Pakistan’s Interior Minister Sheikh Rasheed has reportedly confirmed that the country’s armed forces will field a full squadron of J-10C ‘4++ generation’ fighter jets by March 2022 in time to participate in the country’s March 23rd Parade. This follows months of unofficial and unconfirmed reports of a Pakistani J-10 acquisition, with a contract suspected to have been signed in the first half of 2021. It also follows the deployment of J-10Cs by the Chinese People’s Liberation Army Air Force to Pakistan for joint exercises. The J-10C will provide by far the most modern and capable fighter in the Pakistani fleet, and represents the most advanced and heaviest fighter China has ever exported although it is still considered a lightweight aircraft. The bulk of the Pakistani fleet is currently comprised of Chinese fighters, namely the very light fourth generation JF-17 and the older third generation J-7. The J-10C uses similar avionics and the same armaments as the upcoming JF-17 Block 3, which is expected to make up all other Pakistani fighter acquisitions until at least 2027. The two aircraft are complementary, with the JF-17 Block 3 having lower operational costs and maintenance needs while the J-10C has an overwhelmingly superior flight performance including speed, altitude and manoeuvrability as well as a more powerful sensor suite.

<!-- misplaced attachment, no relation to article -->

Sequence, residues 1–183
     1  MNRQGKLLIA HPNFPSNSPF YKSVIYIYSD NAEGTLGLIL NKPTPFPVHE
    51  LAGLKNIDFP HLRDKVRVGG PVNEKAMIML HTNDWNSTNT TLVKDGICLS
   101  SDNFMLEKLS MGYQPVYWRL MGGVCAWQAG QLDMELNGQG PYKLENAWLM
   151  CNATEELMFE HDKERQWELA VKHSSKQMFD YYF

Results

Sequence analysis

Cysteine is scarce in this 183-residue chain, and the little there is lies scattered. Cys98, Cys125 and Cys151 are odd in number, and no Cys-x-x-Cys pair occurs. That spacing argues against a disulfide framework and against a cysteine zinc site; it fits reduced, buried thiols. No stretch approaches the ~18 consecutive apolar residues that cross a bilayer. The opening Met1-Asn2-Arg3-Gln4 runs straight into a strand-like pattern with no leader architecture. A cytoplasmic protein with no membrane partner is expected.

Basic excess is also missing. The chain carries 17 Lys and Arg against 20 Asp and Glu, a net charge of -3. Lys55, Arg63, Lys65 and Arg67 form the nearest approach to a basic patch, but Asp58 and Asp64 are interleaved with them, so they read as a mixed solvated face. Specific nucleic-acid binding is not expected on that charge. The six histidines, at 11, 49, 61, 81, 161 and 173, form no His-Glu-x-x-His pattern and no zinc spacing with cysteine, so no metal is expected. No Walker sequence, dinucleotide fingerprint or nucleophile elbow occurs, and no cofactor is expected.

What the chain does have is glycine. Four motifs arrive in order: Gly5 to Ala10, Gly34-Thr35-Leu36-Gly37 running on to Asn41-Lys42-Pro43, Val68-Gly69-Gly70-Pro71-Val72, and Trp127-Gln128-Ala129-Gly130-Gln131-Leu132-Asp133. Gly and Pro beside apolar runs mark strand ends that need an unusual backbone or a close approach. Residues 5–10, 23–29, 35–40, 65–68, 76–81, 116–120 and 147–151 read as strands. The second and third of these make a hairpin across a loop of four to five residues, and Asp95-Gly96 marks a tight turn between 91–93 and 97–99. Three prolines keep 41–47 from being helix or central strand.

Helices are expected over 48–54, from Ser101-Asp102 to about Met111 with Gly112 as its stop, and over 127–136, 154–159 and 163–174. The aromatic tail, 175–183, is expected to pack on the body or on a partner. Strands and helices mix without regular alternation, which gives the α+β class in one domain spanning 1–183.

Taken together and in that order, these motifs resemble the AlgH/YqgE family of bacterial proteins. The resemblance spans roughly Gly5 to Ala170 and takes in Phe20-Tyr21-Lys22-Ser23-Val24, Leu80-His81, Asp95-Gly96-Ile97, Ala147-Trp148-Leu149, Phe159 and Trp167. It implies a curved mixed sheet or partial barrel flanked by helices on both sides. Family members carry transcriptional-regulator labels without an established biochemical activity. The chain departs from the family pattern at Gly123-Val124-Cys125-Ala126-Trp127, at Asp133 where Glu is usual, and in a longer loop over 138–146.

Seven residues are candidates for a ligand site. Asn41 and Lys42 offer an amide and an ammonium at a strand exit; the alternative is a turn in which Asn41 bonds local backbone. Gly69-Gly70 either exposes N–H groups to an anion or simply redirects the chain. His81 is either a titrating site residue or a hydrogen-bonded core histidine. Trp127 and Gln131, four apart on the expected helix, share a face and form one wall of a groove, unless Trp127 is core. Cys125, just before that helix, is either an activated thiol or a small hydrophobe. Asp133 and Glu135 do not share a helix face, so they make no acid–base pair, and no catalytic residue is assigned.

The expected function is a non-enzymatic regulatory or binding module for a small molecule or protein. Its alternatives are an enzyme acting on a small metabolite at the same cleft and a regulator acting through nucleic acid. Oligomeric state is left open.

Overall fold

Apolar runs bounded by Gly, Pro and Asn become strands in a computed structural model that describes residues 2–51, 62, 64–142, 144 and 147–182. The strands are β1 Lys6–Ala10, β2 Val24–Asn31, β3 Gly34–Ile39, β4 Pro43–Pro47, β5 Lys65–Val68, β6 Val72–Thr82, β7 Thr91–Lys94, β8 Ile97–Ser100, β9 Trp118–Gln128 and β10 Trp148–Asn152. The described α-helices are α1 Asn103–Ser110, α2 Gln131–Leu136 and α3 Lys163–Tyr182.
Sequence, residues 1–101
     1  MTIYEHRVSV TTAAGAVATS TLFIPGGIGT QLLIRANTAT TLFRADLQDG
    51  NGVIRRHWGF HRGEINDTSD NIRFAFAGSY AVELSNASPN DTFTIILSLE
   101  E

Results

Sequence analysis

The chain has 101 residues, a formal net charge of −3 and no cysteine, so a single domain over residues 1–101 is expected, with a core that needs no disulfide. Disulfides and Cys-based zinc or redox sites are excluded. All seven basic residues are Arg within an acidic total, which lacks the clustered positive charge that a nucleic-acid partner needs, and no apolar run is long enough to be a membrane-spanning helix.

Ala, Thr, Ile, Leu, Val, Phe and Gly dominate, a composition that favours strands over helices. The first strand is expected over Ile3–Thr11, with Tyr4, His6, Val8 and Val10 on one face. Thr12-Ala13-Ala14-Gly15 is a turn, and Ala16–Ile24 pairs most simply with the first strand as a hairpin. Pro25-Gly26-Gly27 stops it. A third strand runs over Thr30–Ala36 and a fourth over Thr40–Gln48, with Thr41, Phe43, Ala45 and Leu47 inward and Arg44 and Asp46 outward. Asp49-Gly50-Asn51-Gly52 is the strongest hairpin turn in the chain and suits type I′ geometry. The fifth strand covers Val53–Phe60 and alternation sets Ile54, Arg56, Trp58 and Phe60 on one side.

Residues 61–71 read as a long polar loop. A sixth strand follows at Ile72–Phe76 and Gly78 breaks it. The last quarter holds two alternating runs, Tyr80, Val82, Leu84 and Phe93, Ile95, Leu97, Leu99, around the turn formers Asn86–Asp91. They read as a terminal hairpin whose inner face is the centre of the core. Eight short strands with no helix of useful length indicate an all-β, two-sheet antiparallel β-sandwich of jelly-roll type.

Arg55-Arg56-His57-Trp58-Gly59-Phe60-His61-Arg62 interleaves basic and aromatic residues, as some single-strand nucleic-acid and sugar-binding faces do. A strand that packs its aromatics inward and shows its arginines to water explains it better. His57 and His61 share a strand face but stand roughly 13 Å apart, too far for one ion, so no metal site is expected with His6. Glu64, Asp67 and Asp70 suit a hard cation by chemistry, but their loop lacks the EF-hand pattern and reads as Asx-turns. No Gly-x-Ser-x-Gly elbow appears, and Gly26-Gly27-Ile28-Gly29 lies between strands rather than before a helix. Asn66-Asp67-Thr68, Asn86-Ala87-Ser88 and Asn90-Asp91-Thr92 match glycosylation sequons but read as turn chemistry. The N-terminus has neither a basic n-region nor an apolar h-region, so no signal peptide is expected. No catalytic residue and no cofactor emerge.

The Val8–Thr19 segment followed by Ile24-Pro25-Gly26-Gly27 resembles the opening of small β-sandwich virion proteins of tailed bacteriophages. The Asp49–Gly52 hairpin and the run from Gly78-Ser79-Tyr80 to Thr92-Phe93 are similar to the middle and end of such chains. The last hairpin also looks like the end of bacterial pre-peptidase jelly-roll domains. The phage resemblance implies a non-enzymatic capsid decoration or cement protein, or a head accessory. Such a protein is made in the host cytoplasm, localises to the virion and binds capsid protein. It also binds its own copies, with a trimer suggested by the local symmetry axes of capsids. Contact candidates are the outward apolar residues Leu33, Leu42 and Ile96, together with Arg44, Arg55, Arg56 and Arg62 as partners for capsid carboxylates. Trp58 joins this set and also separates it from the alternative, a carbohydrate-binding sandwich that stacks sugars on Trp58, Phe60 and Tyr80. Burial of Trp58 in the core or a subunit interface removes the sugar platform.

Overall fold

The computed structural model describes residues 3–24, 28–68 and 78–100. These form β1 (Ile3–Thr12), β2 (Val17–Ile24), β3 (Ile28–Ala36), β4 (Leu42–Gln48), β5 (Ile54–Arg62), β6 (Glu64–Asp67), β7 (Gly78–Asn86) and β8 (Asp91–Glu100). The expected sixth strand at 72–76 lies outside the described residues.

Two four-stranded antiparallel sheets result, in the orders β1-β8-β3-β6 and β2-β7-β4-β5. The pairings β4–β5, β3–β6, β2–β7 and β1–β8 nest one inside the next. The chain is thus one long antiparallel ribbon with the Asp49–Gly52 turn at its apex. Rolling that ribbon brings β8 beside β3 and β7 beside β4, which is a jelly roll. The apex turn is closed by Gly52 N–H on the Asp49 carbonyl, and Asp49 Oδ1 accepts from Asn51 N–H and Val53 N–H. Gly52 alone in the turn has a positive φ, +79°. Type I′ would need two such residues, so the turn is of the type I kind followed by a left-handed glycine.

The Pakistani Air Force has shown an interest in the J-10 for over a decade, although older variants of the fighter were not seen to have sufficient performance advantages over the F-16C Block 52 which the country began to field in the 2000s. The J-10C represented a revolutionary improvement to the fighter design, however, and will be capable of challenging the most capable fighters in the Indian Air Force including the lightweight Rafale and even the heavyweight Su-30MKI in air to air combat. The fighter will provide Pakistan with its first AESA radar equipped squadrons, and benefits from AESA radar guided missiles, thrust vectoring engines, stealth features and highly sophisticated electronic warfare systems and avionics. It remains uncertain how many J-10C squadrons Pakistan intends to field, and the possibility has been raised that it could in future replace the F-16A/B fighters acquired from the early 1980s as these are the only Pakistani fighters from a similar weight range and with comparable operational costs. The first J-10C squadron, however, is expected to replace a unit of ageing Mirage III lightweight fighters in service, with the Mirage having first entered service in 1961 and considered increasingly obsolete.